This is the latest installment of Dempsey’s Deliveries, a Nuggets mailbag. Continue to keep the questions coming on Twitter using the hashtag #DempseysDeliveries or by submitting a question using the form.
A: CJ – In a word: Carefully. I think you’re already seeing some of the building blocks being put in place to not only get the Nuggets back to a playoff level, but to have staying power once they get there. They’ve filled the major piece any team needs to compete at the highest level – finding a star player. That’s center Nikola Jokić, and he’s only getting warmed up in his career. Surrounding him are good young players – Gary Harris, Jamal Murray, Emmanuel Mudiay, etc. – and a host of solid veterans with experience. Yes, the Nuggets need to continue to tinker and improve in areas like defense, and that’s where we are now: In the next phase where they can start filling in the details that take them from one level to the next. And think about this: The Nuggets won 22 games at home in the regular season. If that number is 30 next season, which is reasonable, with road wins staying exactly the same at 18, this is now a 48-win team. Now, catching up to Golden State and San Antonio is the ultimate goal, and the only way the Nuggets or any other team gets out of the Western Conference and into the NBA Finals. But they are trending in the right direction. And the Nuggets are not willing to cut corners in order to get there, so don’t expect any drastic moves that might compromise their future.
Q: I’ve seen tweets about Jamal Murray now working out after surgery. How did the surgery go? I’m guessing successful. — John Lang
A: John — Yes, not only was the surgery successful but Murray is already back doing some light work on the basketball court. He’s expected to be ready to roll by the time training camp comes around in the fall.
Q: Can Malik (Beasley) be a factor in the future? I think he’s got potential to be good like Jimmy Butler. — Halil Ibrahim Ucar
A: Halil — Malik Beasley is one of the most intriguing players in the upcoming season. He finished the regular season with two stellar games, setting himself up for a solid summer. He’s already been back in the weight room, working out. We’re going to see a lot more of him on the Nuggets summer league team, so that will be a good chance to see his progress. But overall he showed the ability to score from anywhere on the court, and the willingness to get down and really defend. He’s got good size and great athleticism. Last season he not only showed a solid work ethic, but was very coachable. His future is bright.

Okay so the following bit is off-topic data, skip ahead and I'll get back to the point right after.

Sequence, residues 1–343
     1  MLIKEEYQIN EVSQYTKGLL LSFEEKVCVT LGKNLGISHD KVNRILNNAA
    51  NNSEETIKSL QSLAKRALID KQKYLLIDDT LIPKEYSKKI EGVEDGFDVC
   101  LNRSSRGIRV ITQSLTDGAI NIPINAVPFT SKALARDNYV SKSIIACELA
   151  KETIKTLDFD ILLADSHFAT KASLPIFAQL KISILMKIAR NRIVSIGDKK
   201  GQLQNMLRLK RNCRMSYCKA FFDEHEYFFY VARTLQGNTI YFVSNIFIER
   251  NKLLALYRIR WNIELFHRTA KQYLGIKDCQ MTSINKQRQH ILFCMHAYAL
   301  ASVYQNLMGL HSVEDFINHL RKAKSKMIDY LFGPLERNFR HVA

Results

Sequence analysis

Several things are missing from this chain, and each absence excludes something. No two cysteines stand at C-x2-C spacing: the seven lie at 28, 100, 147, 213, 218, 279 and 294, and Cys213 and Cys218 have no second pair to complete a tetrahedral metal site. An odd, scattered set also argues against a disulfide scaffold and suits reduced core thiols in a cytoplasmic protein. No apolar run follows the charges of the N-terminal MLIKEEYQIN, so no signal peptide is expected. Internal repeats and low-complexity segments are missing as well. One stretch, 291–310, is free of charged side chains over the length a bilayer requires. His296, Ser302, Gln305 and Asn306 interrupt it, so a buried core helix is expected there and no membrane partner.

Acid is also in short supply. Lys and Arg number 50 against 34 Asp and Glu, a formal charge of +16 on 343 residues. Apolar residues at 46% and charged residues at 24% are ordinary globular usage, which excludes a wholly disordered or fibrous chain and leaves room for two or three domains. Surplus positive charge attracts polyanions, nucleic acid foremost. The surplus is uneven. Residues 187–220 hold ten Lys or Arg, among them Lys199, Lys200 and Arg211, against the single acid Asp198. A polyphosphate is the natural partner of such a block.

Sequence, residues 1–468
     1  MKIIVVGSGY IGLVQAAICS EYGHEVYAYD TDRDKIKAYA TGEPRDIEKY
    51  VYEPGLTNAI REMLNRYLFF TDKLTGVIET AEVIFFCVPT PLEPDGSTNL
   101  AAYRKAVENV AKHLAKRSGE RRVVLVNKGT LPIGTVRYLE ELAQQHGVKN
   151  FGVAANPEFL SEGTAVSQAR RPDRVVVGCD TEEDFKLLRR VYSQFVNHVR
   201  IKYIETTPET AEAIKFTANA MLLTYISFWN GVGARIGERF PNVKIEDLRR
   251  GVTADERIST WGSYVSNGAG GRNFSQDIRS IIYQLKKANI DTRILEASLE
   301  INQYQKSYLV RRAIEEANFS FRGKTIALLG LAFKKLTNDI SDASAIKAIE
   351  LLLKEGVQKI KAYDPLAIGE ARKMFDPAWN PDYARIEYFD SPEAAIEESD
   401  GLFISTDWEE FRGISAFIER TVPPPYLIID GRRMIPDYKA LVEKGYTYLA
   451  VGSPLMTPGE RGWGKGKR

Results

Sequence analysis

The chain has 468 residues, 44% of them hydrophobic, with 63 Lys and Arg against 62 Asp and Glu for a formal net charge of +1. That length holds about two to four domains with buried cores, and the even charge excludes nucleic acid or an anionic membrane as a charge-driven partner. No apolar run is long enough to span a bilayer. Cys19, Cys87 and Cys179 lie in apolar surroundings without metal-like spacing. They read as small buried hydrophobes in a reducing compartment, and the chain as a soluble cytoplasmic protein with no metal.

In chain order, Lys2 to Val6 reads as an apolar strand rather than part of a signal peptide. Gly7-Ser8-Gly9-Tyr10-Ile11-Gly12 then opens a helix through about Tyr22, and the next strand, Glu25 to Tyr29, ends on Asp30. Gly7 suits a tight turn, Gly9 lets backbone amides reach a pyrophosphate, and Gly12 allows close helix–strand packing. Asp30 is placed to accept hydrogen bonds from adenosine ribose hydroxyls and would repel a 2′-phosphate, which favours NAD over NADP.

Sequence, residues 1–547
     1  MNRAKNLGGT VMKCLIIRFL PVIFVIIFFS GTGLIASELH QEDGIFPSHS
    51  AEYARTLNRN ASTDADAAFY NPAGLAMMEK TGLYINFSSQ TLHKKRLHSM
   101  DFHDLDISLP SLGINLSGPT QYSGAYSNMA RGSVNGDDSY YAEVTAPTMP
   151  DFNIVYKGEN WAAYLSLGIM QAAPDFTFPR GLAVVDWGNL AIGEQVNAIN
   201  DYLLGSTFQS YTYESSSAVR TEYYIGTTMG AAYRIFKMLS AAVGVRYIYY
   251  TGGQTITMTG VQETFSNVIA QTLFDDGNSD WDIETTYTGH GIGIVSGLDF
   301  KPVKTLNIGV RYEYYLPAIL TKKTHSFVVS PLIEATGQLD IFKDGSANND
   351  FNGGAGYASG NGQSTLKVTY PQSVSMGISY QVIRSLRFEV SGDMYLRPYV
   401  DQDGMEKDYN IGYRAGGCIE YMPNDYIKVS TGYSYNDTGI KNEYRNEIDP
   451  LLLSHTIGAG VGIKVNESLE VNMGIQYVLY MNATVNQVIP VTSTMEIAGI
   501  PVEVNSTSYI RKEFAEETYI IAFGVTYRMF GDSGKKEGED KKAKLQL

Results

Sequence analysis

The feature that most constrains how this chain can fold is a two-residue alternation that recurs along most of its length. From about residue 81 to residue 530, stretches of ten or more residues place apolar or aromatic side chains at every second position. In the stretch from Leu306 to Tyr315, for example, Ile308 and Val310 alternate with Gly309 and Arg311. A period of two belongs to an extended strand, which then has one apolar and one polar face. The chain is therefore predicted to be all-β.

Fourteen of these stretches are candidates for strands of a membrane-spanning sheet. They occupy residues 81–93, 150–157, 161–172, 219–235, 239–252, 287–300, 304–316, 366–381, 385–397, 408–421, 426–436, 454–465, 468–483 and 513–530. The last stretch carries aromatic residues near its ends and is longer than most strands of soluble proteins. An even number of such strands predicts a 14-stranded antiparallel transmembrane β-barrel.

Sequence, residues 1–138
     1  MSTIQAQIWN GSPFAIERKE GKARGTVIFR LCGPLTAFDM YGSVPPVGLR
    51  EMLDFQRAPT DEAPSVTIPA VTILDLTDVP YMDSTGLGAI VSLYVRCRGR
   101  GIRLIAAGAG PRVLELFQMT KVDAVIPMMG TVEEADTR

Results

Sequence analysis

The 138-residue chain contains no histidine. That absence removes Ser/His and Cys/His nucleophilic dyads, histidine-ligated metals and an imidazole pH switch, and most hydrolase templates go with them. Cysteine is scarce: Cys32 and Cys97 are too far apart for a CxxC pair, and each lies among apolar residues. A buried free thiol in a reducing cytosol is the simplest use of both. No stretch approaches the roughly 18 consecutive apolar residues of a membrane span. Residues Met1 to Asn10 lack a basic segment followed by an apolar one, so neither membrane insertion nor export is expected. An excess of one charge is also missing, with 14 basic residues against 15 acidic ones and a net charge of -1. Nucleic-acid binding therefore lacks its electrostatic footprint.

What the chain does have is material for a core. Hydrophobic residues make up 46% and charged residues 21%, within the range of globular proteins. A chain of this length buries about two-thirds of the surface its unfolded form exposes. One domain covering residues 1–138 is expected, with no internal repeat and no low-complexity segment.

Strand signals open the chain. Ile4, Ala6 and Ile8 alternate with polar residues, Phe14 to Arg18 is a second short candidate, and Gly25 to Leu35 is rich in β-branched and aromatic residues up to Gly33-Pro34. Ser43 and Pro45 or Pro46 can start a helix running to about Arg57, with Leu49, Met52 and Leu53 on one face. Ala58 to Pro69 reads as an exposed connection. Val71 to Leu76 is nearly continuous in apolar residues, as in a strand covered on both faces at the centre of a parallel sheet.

Q: With the drafting of guards in the last three drafts, and of course Nikola Jokić, where do you think the Nuggets should go in this year’s draft when they pick at No. 13? — Ron White
A: Ron – It is most likely that if the Nuggets use that pick, then it will be on the best player available on the board at the time. However, if they wanted to get specific with the selection in order to fill a need, the easiest area to do that will be in shot blocking. The Nuggets, who finished 27th in the NBA in blocks per game (3.9) during the regular season, need rim protection, and here are a lot of players that can block and alter shots. Almost all of them will still be available when the Nuggets’ pick comes up.
Q: With players chasing rings and not having to sacrifice much money, would a lower hard salary cap help small and mid-market teams? What concessions could the league give in return to the players union to make this change? — Tim Barton
A: Tim – I understand where you’re coming from with this, but the best scenario for small and mid-market teams is to have as much money as possible to spend and the ability to be able to pay the most to their own free agents. Remember, a large part of what was happening prior to the new CBA was big market teams simply outbidding everyone else – even if it meant paying the luxury tax. Few other teams could even compete for free agents in that climate. Now, the playing field is a lot more even and that matters. There’s only been one high-profile example of a player leaving major money on the table to move to a different team – Golden State’s Kevin Durant. Moves like Durant’s are likely to be the exception, not the norm, as the dollars are so large it becomes a simple bad business decision for players to leave tens of millions of dollars over the life of a contract on the table. They would be sacrificing a lot of money and I can’t see many players willing to do that.